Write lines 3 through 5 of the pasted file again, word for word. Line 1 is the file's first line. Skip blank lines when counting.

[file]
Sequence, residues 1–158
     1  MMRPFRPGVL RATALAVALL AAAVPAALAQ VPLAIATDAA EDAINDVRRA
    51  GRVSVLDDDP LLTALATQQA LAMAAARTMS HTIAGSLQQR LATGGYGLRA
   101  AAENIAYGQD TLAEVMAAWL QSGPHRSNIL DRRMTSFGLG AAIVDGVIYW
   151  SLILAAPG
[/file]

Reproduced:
    51  GRVSVLDDDP LLTALATQQA LAMAAARTMS HTIAGSLQQR LATGGYGLRA
   101  AAENIAYGQD TLAEVMAAWL QSGPHRSNIL DRRMTSFGLG AAIVDGVIYW
   151  SLILAAPG